``Cooperating error-correcting codes and their decoding''

Author: Ludo MGM Tolhuizen, Philips Research Laboratories, Eindhoven, the Netherlands

Date: June 26, 1996

Advisors: Prof.dr J.H. van Lint and Prof.dr.ir. H.C.A. van Tilborg, Eindhoven University of Technolgy, Eindhoven, The Netherlands

Error-correcting codes are essential for the reliability of digital systems for storage and transmission. This thesis describes cooperating error-correcting codes. The aim is to combine simple codes into a powerful code that can be encoded and decoded with low complexity. The thesis consists of an introductory chapter, followed by seven chapters dealing with various aspects of cooperating codes.

In the second chapter we discuss various error-correcting capabilities of the product code C$_{p}$, consisting of all matrices with all rows in a linear row code C$_{r}$ and all columns in a linear column code C$_{c}$. By expressing the number of low weight words of C$_{p}$ in the number of low weight words of C$_{c}$ and C$_{r}$, we show that C$_{p}$ can correct very many error patterns with a few errors.

By means of examples we show that the {\em full} weight distribution of C$_{p}$ is {\em not} determined by those of C$_{c}$ and C$_{r}$. We indicate a class of error patterns consisting of a combination of random errors and clustered errors, that can be decoded correctly with C$_{p}$.

In Chapter~3, we show that generalized minimum distance decoding (gmdd) correctly decodes a much larger class of error patterns than was known up to now. We apply our results to the decoding of product and generalized concatenatedcodes, and obtain that gmdd correctly decodes the class of error patterns from Chapter~2.

In the fourth chapter, we give an upper bound on the probability that an error pattern of weight at least $d-t$ results in a vector at distance $t$ from a codeword different from the transmitted one. (Here, $d$ is the minimum Hamming distance of the applied code, and $t < \frac{1}{2}d$.) The bound was already known for Reed--Solomon codes, when applied on a channel with independent errors, but it is valid for all codes and for a much wider class of channels. The bound can be used as a measure for the reliability of a decoding result in which $t$ errors have been observed. When decoding cooperating codes, reliability information obtained from decoding one code can be exploited in decoding the other code.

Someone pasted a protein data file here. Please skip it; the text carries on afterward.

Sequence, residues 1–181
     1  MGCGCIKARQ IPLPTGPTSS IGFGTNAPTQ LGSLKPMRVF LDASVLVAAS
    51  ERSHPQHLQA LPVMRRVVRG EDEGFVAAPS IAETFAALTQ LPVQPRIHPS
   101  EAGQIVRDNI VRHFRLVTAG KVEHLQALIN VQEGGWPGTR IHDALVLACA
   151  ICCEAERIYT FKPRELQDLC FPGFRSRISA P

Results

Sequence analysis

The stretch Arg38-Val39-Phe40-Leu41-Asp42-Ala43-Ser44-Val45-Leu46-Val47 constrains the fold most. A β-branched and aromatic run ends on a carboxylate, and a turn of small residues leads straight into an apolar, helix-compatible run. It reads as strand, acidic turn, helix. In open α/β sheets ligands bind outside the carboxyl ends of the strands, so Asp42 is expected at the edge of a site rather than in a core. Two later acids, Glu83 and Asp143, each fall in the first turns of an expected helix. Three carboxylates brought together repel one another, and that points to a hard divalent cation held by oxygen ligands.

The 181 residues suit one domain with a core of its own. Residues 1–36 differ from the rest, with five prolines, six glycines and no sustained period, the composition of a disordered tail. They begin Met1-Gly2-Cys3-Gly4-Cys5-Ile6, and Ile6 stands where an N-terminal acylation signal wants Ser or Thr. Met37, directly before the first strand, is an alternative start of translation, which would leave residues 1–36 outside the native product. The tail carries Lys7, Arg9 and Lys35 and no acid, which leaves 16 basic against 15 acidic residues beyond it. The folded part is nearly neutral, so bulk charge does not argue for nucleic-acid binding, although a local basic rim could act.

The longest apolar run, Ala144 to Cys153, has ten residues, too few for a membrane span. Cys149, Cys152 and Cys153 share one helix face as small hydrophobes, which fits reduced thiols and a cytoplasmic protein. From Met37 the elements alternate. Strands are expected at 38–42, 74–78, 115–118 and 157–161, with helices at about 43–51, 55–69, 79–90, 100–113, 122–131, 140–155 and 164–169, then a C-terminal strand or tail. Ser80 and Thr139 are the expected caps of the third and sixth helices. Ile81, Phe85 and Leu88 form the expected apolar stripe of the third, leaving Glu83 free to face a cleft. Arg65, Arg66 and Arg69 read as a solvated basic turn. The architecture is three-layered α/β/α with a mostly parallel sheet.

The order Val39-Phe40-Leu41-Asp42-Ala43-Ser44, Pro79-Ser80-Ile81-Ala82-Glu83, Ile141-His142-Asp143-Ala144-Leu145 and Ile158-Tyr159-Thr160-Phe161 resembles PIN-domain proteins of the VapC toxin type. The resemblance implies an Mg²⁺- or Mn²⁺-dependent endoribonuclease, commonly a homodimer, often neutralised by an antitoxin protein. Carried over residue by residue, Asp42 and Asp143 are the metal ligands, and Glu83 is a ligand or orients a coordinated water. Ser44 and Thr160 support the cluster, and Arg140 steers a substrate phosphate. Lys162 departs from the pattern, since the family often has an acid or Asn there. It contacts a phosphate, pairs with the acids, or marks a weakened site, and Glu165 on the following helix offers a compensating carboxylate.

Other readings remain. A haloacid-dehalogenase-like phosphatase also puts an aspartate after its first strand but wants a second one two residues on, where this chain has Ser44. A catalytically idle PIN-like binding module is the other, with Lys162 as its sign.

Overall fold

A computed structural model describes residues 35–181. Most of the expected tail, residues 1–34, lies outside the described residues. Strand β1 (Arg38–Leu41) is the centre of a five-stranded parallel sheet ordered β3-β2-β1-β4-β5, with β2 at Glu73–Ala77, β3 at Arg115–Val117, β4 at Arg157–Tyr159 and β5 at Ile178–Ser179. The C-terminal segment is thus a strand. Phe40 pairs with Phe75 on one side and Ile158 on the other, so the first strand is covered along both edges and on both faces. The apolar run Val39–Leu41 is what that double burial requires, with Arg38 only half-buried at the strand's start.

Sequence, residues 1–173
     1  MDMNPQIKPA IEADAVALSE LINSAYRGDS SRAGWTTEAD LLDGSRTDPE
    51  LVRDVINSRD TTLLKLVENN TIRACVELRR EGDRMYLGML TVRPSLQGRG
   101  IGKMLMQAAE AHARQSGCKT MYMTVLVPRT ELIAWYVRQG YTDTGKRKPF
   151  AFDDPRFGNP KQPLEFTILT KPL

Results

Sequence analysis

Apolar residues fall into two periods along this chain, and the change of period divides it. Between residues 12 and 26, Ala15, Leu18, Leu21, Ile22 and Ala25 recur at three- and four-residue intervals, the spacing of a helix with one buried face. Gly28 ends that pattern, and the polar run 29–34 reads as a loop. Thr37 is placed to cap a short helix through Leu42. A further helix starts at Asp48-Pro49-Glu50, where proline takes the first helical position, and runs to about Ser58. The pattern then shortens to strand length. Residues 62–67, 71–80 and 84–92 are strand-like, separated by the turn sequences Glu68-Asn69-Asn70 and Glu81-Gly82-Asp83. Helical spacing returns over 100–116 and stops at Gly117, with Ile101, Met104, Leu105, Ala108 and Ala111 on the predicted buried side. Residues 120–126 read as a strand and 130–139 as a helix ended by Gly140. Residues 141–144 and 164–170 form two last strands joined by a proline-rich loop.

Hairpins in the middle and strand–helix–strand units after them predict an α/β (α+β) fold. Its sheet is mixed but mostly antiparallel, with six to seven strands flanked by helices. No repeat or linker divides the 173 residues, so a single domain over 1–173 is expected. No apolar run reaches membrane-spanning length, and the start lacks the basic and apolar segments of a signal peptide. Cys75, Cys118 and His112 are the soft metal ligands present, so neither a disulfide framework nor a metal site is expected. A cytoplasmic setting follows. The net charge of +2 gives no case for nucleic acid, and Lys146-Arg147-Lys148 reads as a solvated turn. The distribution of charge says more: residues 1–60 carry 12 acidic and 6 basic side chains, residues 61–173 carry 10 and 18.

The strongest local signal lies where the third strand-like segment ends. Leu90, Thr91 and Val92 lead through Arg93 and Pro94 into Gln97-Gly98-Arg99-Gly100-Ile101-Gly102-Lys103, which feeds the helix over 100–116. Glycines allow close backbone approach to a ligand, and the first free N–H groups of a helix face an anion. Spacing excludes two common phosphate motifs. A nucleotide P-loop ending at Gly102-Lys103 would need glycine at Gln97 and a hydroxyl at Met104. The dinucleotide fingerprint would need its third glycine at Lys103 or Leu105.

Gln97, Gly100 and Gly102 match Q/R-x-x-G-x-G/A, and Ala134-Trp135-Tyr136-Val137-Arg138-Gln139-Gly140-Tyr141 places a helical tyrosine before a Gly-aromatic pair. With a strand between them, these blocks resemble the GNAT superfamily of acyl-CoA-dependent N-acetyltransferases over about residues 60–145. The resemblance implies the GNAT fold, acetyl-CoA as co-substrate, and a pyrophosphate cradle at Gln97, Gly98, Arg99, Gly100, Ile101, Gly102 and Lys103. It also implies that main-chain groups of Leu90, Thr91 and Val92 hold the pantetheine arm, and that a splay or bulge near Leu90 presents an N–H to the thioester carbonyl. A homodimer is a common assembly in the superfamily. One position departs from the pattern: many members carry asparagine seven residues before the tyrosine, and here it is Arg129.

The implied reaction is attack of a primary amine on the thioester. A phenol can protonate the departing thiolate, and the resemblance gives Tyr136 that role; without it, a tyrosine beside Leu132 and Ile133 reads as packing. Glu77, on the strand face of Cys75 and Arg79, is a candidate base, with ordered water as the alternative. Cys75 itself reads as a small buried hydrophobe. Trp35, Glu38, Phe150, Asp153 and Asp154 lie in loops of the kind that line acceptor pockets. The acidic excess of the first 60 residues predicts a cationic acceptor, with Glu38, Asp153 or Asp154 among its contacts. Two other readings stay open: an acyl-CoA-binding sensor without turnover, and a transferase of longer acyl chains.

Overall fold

In the fifth chapter, we discuss a well-known modification for speeding up the Berlekamp-Massey algorithm for decoding BCH codes. The number of errors observed during decoding with this modification is a poorer indication for the reliability of the decoder output than with conventional decoding. This can have detrimental consequences for the decoding of cooperating codes.

In Chapter~6, we combine well-known codes and obtain codes with a large minimum distance, given their length and dimension. The results for binary codes have been published before and some of them have been improved upon; the results for quaternary codes are new.

In Chapter~7, we present constructions for block codes for the Partial Response (PR) channel, a popular model for certain magnetic storage channels. We derive upper and lower bounds on the maximum size of a code for the PR channel with minimum distance at least 2. We give bounds on the maximal cardinality of codes with small blocklength and a given minimum distance.

In the final chapter, we introduce Diamond codes. A word of a Diamond code is a strip with each column in a column code and each diagonal in a diagonal code. Diamond codes combine the error-correcting capabilities of product codes with the reduced memory requirements of the CIRC code applied in the Compact Disc system. We discuss encoding and decoding of Diamond codes, and discuss their distance properties. We give several variations on Diamond codes that are suited for block-oriented applications.